Anyway, yes, yes that’s me. And I will read a book in there and no, you will not have a hope of kicking me out until at least two hours have passed, and not a minute before.
Unrelated note, does anyone else get life this after getting heavily involved with an emotional book?
“Walking through the dark and cold drizzel of town, after a 2+ hour coffee shop reading session. So full of mixed emotions right now, I genuinely don’t know whether to cry or feel inspired. Just me, or does anyone else have to take a lie down when the book feel get this intense?”
Turns out, it’s just me.
“Ink not coming out of fountain pen” is a niche search entry, I’ll give you that. Maybe not quite as popular as Ariana Grande but heck, you’ve gotta keep these traditions alive.
You know what? Stuff it! I’m just gonna book myself on a professionally accredited course to learn about unicorn magic…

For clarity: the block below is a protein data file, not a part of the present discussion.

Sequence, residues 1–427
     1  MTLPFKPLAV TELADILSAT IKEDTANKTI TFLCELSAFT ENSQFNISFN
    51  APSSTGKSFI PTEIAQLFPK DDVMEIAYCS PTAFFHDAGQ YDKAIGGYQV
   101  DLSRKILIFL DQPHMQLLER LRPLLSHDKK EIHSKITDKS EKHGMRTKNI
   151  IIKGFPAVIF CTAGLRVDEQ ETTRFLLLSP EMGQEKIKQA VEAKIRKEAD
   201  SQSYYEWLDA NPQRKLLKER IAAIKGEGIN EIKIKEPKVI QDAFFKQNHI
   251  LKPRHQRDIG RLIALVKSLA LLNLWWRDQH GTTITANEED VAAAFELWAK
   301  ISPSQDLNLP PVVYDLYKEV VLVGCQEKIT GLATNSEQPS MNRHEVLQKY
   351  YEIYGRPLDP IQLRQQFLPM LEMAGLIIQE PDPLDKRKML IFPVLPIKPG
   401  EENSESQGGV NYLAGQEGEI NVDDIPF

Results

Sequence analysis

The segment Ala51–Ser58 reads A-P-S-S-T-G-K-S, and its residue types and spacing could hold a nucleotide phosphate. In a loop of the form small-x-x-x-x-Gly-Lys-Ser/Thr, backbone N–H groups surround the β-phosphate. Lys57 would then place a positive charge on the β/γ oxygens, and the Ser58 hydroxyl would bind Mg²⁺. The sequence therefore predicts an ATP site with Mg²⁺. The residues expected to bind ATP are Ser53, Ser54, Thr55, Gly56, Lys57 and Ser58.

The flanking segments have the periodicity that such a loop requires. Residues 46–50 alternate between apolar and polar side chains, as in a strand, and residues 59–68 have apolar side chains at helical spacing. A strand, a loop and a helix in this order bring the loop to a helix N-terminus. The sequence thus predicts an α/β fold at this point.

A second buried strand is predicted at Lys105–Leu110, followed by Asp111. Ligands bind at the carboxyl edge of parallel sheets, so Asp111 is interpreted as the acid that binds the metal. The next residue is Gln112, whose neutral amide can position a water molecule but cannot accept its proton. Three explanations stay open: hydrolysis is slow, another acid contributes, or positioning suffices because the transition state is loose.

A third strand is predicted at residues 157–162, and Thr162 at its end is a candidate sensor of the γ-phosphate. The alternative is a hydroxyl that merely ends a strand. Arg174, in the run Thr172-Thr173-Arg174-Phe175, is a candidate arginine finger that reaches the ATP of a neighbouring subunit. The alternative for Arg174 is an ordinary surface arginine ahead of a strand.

…and go watch the Swindon Wildcats play down the local rink.
In fairness, it was such a good game.
Wait, There’s More!
Before you go, remember that video I included at the start of this post? Well, guess what? The creator only went and made an improved version and/or (to be honest I’m not entirely sure which) sequeal a few years later! Yeah, I know!
Better still, the soundtrack features the musical stylings of Cascada, covering Wham!
I’ve just got back from my writing retreat and, newsflash, it was beyond amazing.
I met 22 wonderful human beings (15 other participants + tutors/guest readers + Arvon staff), and there was so much to take in and reflect on, and every night I felt I like I could burst with creativity (which would have been awkward, as I don’t think anyone signed-up to being coated in chunks of Alice…at least not before dessert).
With so many thoughts, feelings and emotions running through my head, it’s hard to put into extacting words what the past week has meant to me. From 1-2-1s with critically acclaimed writers, to long walks, to sitting down at a desk (in front of a gorgeous view) and hitting word to paper, my time spent on an Arvon tutored retreat at The Hurst (deep in the Shropshire Hills) has been an incredible experience.
I’ll get something more substanial down soon but for now know this; I’m a very, very happy Alice!